1899: Haberdasher Hans Geste, originally from Ost-München in Bavaria, begins selling purified chemicals such as mercury and arsenic out of his clothier’s shop in San Francisco. Used in making clothes, the toxins are far more refined than his competitors’ and the business flourishes.
1905: Hans Geste’s chemical business is so successful that he closes his haberdashery and sells it to Macy’s. He moves to Oakland with his seven sons to set up a more professional operation.
1906: The great San Francisco Earthquake results in the detonation and immolation of Geste’s chemicals and incinerates three of his sons. Impressed, the US Army contracts with Geste to provide chemicals and explosives to West Coast military bases.
1915: With the outbreak of war in Europe, demand for Geste chemicals skyrockets. Hans’s oldest son, Lars, incorporates GesteCo as a limited-liability company in June. His youngest son, Klaus, travels on a clandestine mission to Bavaria and incorporates GesteCo as a gesellschaft mit beschränkter Haftun that same year.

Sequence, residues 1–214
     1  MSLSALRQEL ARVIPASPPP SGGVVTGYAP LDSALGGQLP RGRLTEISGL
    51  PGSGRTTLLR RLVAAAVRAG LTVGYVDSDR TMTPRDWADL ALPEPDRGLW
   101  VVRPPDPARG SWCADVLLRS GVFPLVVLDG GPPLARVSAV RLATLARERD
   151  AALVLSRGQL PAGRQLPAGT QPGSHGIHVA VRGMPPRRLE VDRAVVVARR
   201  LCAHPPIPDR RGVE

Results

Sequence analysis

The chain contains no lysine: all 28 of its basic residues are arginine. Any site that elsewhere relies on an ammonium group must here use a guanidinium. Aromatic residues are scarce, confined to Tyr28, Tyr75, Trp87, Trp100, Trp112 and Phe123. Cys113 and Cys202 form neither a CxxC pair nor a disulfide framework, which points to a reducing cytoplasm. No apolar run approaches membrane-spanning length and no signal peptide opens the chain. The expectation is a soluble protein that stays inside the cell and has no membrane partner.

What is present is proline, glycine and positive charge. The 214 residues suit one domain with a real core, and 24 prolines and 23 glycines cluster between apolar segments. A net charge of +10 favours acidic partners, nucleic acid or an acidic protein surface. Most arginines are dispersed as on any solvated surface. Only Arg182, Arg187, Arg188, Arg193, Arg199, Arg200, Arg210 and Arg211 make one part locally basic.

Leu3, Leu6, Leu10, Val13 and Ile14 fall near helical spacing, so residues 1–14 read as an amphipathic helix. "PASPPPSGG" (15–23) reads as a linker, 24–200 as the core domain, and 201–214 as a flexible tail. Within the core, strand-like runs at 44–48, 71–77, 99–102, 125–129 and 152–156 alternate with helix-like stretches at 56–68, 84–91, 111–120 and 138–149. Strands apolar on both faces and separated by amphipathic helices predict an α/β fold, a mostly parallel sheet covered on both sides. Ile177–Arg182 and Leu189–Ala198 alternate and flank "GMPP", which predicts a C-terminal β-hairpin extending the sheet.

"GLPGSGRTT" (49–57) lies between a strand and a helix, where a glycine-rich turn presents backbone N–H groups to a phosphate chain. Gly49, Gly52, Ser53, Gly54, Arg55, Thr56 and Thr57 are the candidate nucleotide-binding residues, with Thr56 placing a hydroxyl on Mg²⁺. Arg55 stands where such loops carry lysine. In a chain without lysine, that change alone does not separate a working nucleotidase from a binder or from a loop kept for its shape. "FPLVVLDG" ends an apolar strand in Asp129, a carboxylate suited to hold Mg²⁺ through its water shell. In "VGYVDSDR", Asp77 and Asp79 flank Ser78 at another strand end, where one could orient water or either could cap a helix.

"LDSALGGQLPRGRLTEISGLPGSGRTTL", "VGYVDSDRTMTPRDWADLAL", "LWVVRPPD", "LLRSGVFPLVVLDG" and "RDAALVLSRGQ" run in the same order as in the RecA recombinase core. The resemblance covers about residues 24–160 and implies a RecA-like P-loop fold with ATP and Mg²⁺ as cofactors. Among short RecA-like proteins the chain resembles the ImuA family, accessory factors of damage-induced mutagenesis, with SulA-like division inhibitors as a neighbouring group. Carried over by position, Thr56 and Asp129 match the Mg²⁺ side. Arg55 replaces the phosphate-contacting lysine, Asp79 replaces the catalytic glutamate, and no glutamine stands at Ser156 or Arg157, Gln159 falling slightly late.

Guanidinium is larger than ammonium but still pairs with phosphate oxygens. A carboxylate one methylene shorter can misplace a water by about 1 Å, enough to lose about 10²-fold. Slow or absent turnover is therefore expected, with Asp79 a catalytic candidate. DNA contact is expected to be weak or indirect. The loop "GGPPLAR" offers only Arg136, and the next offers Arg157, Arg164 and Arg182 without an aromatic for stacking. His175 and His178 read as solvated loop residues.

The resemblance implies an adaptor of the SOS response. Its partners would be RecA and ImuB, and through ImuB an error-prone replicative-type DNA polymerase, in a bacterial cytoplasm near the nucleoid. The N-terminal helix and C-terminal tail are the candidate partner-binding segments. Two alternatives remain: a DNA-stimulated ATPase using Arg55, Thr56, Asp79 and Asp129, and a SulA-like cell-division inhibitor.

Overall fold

1921: With its war profits and international expansion, GesteCo moves into consumer products, launching a line of mercury and radium based pharmaceuticals.
1923: GesteCo begins manufacturing appliances for the home. Its products like toasters are highly competitive due to the use of inexpensive lead paint insteaks of bakelite.
1927: Hans Geste dies of radiation poisoning after a night spent personally supervising the Radiumeal Radioactive Flour division of GesteCo. His son Lars succeeds him as president.
1934: GesteCo’s German branch becomes the largest chemical and home appliance concern in the country. As part of a promotional tour, Lars provides solid gold toasters to key government and Nazi party officials.
1942: With the entry of the United States into World War II, GesteCo expands yet again. The amphetemines provided to US troops to maintain their combat effectiveness are all GesteCo producs. The mustard gas stockpiled at Bari and subsequently released into the atmosphere during a bombing raid was proudly made at GesteCo’s Love Canal facility.
1961: GesteCo inks a deal with Washington and key universities to lend its expertise to the first attempts at genetic engineering undertaken with government funding. The result, rice enchanced with ricin, is used in an attempt to support the Bay of Pigs invasion.
1978: Lars Geste dies after accidentally being exposed to an experimental line of RNA viruses designed to combat bad breath in infants. His son Heinz becomes president, and inks a deal with the Carter administration to provide high-level aid in genetics and chemical synthesis to US ally Iran.